Police chiefs have moved to reassure residents that Boston is a safe place and crime is falling despite two alleged violent acts in the space of a week.
Chief Inspector Paul Timmins and Superintendent Steven Taylor told The Standard that crime, in particular violent crime, has reduced over the last five years.
The message comes as a woman was charged with causing grievous bodily harm after a man was found with a stab wound in Boston’s West Street on Saturday.
This follows a man being found with gunshot wounds last Saturday. Two men were charged with GBH and false imprisonment in relation to this incident. One of those was also charged with possession of a firearm.
Mr Taylor said the most recent alleged incident had ‘taken place in one of the most prominent locations in Boston town centre’.
He added: “It’s a very visible incident and potentially raises the debate in relation to issues of violence.”
Mr Timmins said figures show overall crime has currently reduced by 23 per cent when compared to the past ‘four or five years’. He also pointed to the new Public Spaces Protection Order, aiming to stop street drinking, which had seen 200 people ‘challenged’ and/or taken through the process since January.
Mr Timmins said: “Personally, I think anyone can walk through Boston and I’ve been here four years now.
“The statistics would suggest that with violent crime dropping year-on-year in the Boston area, it’s becoming a safer place to live and work. What we want to do is get to the focus of where there are issues of any individual, no matter where they’re from, and make sure those individuals are held accountable for those offences committed.”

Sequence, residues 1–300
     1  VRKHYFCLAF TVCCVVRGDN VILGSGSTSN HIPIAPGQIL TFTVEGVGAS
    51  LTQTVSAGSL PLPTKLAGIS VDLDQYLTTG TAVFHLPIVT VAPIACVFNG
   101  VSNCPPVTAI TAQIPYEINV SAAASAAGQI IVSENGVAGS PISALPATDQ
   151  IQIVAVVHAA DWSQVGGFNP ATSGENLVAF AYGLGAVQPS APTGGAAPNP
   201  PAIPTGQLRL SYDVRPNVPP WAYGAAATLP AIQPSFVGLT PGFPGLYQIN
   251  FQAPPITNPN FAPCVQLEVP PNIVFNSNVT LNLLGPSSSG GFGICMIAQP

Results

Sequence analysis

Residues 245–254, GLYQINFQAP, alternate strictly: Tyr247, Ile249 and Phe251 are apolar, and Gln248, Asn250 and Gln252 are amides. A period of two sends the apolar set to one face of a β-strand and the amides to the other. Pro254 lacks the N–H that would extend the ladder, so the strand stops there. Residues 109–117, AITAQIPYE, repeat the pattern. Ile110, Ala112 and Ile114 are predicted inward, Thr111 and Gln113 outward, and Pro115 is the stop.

Mr Timmins also responded to comments on social media regarding the nationalities of those allegedly involved and the perceived links between migration and and an increase in crime.
He reiterated the alleged incidents were separate and involved a ‘specific set of circumstances’.
He said: “We recognise the reality of crime and perception of crime can be two different things.
“Boston is a diverse community, one that’s changed significantly in the last 10-15 years so we do recognise there is a perception there may be a disproportionate number of people from migrant backgrounds that may be involved in crime.”
He said, however, there was a ‘significant minority ‘of people who would pick up on any hint of discord in Boston and ‘try to exploit that’.
He said: “We know that in Boston there’s a vocal minority who do take every chance to look at divisions within our communities.
“But what we have also seen over the last four or five years is that other people have embraced the differences and diversity.”
He reiterated that a lot of work had gone in to breaking down barriers between communities including partnership work between the police, the borough council and housing associations among other communities.
He added: “I think we just need to celebrate the differences that each community has, it’s a diverse community in Boston, it’s a 21st century community.”
He urged any witnesses or victims of crime to call 101 or Crimestoppers anonymously on 0800 555 111 if they felt unable to speak to police.
Constituency MP Matt Warman said he had contacted the Home Secretary following the latests incidents in the town.
He described them as ‘exteremely concerning’ and said he had also spoken to the Chief Constable.
○ Above is a full eight-minute video with Mr Timmins.